Astray by Amy Christine Parker
Ember, 2015, 352 pages
YA Psychological Thriller

Astray is the sequel to Amy Christine Parker’s Gated. Now that Pioneer’s community has been disbanded by local law enforcement, his trial approaches while Lyla tries to fit in at school and reconcile the life she had before with the life she has now. Parental members in Lyla’s former community cling to the life they had while outsiders begin to join them despite the larger community’s disdain for Pioneer’s followers. Lyla, meanwhile, is breaking down relationships with those still in the community, including her parents, while building up relationships with new people like Cody’s siFullSizeRender (1)ster and mother. Relationships of all kinds trouble Lyla, from her new therapist to her old friends. But at the center of it all is one relationship: Lyla and Pioneer.

Maybe I went into Astray with too high expectations, but I was admittedly disappointed by Gated‘s sequel. I read the two books about a year apart, so it’s possible my perception of the books had more to do with my personal growth or life or what have you than it had to do with the books themselves, but Gated would have probably been better off alone. The psychological intrigue and other aspects that made Gated special were absent in Astray. Where the subtle play of psychology influenced the events in Gated, a more heavy-handed approach made Astray feel less mature, less realistic, and less gripping than its parent.

I also struggled with Lyla. She came across as less likable and, while playing the new girl in school, became a cliché. In fact, she became, in many ways, a non-speculative-fiction version of Bella Swan, complete with the new frienemies, angst over dates, and difficulties with parents. And yes, these are all things that are often inherent in young adult novels. These are the things that real teens encounter on a daily basis. But with Gated‘s unique take on these challenges, Astray felt far too flimsy in comparison. Decisions Lyla made in Gated seemed, from my outsider perspective, generally sensible. Dangerous, perhaps, but still sensible in the bigger picture. Astray showed a side of Lyla that was far more willing to take risks for reasons that, from my perspective, simply weren’t worth those risks. So often the risk came down to death and, while this may have been an indication of Lyla’s delicate mental state, the logic didn’t follow.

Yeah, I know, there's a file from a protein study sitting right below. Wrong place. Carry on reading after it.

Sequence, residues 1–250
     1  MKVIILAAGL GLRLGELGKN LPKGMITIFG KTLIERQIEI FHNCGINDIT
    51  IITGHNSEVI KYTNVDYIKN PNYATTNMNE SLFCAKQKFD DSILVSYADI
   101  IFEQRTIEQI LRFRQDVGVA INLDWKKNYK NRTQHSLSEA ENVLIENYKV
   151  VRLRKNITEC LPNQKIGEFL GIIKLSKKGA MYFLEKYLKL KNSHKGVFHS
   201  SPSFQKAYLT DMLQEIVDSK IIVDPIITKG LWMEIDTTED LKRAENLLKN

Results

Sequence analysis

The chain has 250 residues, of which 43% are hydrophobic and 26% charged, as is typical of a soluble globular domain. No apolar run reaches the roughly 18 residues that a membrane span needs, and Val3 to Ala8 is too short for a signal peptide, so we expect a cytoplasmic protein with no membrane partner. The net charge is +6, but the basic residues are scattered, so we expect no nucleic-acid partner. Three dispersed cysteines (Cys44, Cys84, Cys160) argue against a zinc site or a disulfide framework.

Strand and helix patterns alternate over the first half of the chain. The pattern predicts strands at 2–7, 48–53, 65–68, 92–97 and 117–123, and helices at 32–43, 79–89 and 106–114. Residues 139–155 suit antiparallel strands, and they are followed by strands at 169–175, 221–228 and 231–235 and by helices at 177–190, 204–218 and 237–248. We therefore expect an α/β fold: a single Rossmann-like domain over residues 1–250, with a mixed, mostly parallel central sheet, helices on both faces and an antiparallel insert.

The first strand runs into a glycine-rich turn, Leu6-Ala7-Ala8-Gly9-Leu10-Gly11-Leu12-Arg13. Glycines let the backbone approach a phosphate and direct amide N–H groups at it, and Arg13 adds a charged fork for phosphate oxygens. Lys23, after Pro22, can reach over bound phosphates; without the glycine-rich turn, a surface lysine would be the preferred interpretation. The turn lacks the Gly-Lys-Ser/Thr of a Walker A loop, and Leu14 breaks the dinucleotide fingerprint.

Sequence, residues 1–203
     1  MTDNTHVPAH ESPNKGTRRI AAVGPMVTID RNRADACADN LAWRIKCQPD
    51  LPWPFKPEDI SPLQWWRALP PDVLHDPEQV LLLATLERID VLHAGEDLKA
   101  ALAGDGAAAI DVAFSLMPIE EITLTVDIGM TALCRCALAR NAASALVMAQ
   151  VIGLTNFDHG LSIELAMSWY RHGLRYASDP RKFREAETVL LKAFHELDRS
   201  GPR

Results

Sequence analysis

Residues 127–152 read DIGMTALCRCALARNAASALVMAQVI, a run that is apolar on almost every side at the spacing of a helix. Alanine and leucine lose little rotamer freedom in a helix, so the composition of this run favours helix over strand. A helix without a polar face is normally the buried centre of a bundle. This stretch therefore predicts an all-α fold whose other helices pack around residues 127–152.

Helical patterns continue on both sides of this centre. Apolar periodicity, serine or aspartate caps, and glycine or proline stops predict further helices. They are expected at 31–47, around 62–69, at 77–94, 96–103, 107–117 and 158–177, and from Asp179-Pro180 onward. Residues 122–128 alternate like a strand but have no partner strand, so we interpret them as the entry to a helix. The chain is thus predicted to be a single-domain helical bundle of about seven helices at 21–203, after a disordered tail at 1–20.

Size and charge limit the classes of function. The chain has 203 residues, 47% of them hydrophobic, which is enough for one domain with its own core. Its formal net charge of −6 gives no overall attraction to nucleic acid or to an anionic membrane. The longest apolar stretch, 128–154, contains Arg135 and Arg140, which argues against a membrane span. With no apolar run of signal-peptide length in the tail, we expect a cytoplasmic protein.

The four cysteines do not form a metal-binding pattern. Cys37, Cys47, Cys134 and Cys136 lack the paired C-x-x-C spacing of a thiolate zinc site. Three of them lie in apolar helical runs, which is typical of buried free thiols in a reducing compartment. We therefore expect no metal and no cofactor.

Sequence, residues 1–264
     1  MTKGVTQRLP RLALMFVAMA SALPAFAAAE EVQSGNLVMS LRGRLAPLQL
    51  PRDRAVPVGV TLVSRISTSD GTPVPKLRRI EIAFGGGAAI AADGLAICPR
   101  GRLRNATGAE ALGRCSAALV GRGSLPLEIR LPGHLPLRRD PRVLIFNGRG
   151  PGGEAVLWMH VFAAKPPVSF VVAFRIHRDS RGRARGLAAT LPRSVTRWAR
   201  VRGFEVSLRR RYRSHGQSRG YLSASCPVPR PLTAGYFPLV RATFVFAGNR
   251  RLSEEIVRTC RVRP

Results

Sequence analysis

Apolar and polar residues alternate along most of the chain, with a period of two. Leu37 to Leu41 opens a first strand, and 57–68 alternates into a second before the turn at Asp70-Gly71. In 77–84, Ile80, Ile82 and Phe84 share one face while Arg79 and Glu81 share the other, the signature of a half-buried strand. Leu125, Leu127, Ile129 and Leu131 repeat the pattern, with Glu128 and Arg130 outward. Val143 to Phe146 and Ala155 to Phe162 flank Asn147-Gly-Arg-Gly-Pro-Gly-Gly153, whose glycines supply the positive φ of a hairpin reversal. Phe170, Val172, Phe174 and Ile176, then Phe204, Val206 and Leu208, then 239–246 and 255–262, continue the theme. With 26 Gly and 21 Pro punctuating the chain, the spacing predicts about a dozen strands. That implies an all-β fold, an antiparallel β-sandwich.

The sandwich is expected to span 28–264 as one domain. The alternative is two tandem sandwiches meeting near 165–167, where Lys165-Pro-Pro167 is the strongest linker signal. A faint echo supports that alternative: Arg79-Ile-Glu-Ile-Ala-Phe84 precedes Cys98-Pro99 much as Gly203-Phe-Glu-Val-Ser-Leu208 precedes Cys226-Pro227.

The turn of events in Astray was not as believable as Gated, either. Where Gated was more a book of the mind, Astray falls more into the category of physical violence. Pioneer attacks less with psychological warfare — though he does that, too — but imagery of physiological harm shows up again and again: a broken toy owl, illness, torture, shrapnel. This jarring difference positions the books to appeal to different audiences. I absolutely support authors playing with audience intentions by series, but within a series, doing so can make books in a series feel disjointed.

On its own Astray might not be bad. It’s not bad as it is. It just can’t stand up to Gated.

❤❤ out of ❤❤❤❤❤